There are only 16 grey shades and as the pictures are taken in half hour intervals, the moon moves rather fast, but the effect is still quite instructional.
The program is free ware.
Much the same as the program above but with a larger data file and the moon's shadow travelling across southern Europe. Best resolution is achieved in a 256 grey mode.
The program is free ware.
This little animation shows a view of the Earth from space during one day. The planet lights up from East to West. Notice how the sun is reflected by the sea off the coast of the Arabian peninsula.
The program is written for the RiscPC and will now work in any RiscPC mode. The graphics file is quite large, due to the sprites (provided by ESA).
That wonderful site Astronomy Picture of the Day had an animated gif showing the change of the moon during one month the other day - what is known as one lunation.
My program is the Acorn equivalent of this but it allows you slightly more control than an animated gif. !Lunation supports interactive help and will only run on a RiscPC.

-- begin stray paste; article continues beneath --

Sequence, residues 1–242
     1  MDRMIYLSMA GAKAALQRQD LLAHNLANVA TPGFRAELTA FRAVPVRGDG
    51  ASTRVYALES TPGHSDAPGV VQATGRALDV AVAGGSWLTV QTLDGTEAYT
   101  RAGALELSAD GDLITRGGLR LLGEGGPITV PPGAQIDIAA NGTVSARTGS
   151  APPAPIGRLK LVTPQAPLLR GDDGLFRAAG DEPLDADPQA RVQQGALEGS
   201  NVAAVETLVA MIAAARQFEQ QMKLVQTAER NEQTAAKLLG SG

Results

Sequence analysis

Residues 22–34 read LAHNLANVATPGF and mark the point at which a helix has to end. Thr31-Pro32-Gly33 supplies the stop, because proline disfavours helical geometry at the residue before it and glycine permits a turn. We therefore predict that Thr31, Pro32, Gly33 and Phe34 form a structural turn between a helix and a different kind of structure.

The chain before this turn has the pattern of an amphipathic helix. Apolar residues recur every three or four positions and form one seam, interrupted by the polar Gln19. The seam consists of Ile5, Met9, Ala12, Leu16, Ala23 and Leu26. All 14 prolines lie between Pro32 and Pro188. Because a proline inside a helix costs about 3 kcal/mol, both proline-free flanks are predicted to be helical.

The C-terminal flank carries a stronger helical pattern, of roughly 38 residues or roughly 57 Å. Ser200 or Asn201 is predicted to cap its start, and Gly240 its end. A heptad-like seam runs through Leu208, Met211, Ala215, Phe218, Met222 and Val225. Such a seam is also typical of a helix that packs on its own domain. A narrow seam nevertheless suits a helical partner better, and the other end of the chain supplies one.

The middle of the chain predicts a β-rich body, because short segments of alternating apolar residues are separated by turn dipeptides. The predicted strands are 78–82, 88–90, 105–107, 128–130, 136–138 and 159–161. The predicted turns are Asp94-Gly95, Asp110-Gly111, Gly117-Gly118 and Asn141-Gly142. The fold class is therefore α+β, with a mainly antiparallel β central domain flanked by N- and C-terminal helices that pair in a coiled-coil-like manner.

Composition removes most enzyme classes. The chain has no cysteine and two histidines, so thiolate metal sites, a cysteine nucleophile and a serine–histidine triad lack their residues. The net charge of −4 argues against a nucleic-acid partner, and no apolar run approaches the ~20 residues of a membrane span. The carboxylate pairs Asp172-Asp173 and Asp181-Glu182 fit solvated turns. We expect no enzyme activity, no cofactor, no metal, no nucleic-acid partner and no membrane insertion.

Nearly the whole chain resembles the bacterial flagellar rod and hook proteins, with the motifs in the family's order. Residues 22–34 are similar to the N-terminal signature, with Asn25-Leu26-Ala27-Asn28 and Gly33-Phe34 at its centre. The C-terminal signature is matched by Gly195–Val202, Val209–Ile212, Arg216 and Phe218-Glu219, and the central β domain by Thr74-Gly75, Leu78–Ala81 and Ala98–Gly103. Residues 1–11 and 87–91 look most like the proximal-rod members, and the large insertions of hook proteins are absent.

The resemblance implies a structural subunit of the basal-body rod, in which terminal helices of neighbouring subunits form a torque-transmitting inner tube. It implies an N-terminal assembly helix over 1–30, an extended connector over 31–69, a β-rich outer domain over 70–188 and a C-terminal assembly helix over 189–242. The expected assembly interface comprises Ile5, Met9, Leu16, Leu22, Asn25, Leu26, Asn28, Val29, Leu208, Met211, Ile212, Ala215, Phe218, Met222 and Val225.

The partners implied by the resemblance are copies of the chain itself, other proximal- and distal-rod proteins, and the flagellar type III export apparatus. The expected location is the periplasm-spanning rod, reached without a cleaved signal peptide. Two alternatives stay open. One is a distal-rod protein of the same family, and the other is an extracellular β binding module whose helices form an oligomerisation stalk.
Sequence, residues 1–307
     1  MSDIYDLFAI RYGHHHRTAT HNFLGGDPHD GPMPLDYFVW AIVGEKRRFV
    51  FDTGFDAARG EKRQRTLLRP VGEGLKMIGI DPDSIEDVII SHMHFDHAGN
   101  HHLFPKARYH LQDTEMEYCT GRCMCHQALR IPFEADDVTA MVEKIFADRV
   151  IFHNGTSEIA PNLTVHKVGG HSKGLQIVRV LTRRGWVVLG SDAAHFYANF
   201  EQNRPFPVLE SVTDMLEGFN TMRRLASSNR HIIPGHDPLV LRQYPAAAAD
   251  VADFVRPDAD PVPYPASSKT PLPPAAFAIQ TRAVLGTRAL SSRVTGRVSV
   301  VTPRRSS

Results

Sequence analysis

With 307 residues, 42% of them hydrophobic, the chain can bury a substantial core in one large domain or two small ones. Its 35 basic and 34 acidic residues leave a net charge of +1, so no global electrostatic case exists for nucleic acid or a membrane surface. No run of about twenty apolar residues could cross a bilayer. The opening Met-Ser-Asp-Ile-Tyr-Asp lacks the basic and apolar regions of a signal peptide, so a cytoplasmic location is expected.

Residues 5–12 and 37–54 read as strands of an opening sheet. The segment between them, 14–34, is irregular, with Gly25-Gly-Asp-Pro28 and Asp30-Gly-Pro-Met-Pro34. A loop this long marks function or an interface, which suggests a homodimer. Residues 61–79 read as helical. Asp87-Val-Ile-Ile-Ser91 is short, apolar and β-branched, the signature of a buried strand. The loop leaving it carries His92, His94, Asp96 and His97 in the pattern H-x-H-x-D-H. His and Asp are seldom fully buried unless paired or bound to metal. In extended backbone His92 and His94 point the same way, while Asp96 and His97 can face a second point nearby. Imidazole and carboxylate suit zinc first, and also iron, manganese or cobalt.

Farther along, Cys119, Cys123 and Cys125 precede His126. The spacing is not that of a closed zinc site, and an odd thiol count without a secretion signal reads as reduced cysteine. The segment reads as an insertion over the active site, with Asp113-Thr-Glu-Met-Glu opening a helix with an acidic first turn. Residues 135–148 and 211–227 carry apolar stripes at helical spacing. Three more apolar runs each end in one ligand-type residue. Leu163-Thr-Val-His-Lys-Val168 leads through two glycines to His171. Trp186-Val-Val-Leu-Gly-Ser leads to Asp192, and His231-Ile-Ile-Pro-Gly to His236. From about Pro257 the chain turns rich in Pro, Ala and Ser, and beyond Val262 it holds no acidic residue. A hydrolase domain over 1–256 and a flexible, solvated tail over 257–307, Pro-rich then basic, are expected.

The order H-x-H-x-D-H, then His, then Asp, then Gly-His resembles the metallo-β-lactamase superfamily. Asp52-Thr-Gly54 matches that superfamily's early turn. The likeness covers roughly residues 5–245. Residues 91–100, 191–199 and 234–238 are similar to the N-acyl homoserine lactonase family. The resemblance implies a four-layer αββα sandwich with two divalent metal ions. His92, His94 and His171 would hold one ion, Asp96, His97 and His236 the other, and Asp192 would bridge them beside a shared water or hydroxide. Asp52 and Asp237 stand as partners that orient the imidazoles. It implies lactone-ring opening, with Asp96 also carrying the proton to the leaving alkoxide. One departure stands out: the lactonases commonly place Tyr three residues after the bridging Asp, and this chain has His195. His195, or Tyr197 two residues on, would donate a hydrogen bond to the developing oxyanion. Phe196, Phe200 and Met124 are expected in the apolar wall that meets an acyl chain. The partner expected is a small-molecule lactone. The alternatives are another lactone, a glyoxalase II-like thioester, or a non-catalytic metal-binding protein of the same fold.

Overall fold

Lunation is freeware
NASA's Galileo Project home page used to have a series of 120 gifs showing the Galileo probe going into orbit around Jupiter. It is quite dramatic with one of the moons whizzing by and the great red spot rotating into view.
This program, which is a re-write of one that ceased to work under RISCOS 4, allows you to look at this animation. The data file is unfortunately very large and is stored with a different provider, because Argonet allow only 20M. Please let me know if there are any problems. The program need a machine with more than 20MB free memory.
The Download is in two parts, the program and the data. Just drop both unzipped files into the same directory. The program is freeware.
This is one of my favourites! If you have ever wanted to mess about with a solar system, find out what the dog star really looks like or revenge yourself upon the universe for your own personal reasons, this is your chance.
The program demonstrates a three body planetary system. The mass of the first two bodies can be adjusted. All the parameters for the third body can then be varied. The animation can display the resultant system in various modes - traces, solid bodies, 3D, black background or inside a star field. The effects can be quite stunning, but you have to be willing to experiment and usually waste a few planets. Extensive help is given via the Help button. The program also supports interactive assistance.
The algorithms using Kepler's laws are from a program written by someone else years ago. I found them on an old disc for the BBC micro and have adapted them for RISC-OS 3.5 plus. I think maybe the original program appeared in one of the early computer magazines.